Verifying Solidity Signatures
Processing everything on-chain is great, but not always practical and sometimes you might want to do something a little tricky in order to save users gas.
Sadly, simply passing the desired data to a contract is not secure and without security measures, people will certainly abuse your contract.
There is a nice solution to this issue.
Solidity signatures and signing data
You can bundle desired data into a hash and sign it with the desired wallet.
Below you can see me running a very simple signing on hardhat where I am treating the signer as my backend.
On line #45 you can see I am connecting to the sigTest contract as userWallet and firing off the isDataValid function. Passing in the timestamp and signature. Let's jump over to the contract to see what happens next.
Looking at isDataValid() we can see that the first thing we do is build the hash in the contract, using the same data as we used on the client. The resulting msgHash should be equal to the messageHash on the client. If there is any discrepancy in the data, the hashes won't match and the signature test will fail.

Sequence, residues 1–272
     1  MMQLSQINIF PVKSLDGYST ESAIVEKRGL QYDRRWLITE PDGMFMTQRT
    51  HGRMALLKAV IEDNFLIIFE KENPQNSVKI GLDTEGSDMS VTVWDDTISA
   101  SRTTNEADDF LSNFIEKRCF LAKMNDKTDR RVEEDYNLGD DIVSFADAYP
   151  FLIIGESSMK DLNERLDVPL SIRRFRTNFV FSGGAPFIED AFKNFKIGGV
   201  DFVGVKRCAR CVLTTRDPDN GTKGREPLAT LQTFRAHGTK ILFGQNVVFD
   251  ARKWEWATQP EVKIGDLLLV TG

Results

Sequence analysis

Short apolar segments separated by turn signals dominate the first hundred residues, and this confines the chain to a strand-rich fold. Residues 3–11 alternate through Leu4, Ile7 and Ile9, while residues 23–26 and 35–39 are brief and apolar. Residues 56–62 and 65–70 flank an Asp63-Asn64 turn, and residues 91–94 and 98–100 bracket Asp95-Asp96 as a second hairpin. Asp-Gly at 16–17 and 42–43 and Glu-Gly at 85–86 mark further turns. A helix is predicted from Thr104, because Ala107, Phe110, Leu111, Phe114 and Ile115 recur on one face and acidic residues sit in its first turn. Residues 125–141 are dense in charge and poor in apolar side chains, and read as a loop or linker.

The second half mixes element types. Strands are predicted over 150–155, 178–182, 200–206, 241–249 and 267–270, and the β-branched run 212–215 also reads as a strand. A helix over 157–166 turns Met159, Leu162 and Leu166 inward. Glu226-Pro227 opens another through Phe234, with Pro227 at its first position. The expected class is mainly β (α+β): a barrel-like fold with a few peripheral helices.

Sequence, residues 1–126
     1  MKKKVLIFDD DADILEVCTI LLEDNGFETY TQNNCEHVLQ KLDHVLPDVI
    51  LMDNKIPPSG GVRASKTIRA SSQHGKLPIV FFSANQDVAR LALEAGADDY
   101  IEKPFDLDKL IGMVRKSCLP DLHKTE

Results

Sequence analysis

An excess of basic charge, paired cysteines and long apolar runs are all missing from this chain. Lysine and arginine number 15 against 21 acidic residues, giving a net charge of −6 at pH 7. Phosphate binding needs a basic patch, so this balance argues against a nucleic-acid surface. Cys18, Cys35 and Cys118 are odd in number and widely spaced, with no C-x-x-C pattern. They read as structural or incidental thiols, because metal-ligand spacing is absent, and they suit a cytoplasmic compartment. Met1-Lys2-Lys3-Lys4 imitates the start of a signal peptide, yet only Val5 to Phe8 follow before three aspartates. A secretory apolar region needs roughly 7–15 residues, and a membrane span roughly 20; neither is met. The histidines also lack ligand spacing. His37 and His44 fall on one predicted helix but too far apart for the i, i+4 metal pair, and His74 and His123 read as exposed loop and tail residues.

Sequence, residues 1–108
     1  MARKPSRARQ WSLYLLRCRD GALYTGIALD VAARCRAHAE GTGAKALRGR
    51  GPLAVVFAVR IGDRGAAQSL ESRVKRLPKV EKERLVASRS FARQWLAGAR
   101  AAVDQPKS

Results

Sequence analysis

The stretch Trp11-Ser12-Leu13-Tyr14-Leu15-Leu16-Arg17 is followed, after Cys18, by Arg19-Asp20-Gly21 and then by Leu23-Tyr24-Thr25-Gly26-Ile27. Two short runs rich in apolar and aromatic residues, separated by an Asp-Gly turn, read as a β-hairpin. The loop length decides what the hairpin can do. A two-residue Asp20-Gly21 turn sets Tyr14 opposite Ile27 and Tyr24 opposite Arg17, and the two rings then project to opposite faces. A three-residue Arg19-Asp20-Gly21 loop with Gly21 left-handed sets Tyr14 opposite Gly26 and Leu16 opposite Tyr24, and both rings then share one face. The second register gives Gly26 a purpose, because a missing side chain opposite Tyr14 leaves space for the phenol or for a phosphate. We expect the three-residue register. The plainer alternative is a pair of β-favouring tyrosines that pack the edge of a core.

Still looking at isDataValid() you can see that it fires off a require and calls isValidSignature(). Here we have to first sign the hash. It might seem arbitrary to pack in \x19Ethereum Signed Message:\n32, have a good Google to understand the importance of it — its very interesting from a security point of view.
With the data signed we can utilize the ECDSA library to recover an address bashed on the has and signature.
If the recovered address matches the systemAddress, all is well and we consider that a success, else, fail.
I won't go into how the ECDSA library works as I believe it's important for developers to learn how to read other contracts and Google around to fill in knowledge gaps, plus I don't wanna ruin the fun :)
openzeppelin-contracts/ECDSA.sol at master · OpenZeppelin/openzeppelin-contracts
OpenZeppelin Contracts is a library for secure smart contract development. - openzeppelin-contracts/ECDSA.sol at master…
The code I have provided is in no way production-ready. It was written extremely fast and with no testing.
Tracking nonces is a nice feature you should look into adding to this code. It helps avoid replay attacks.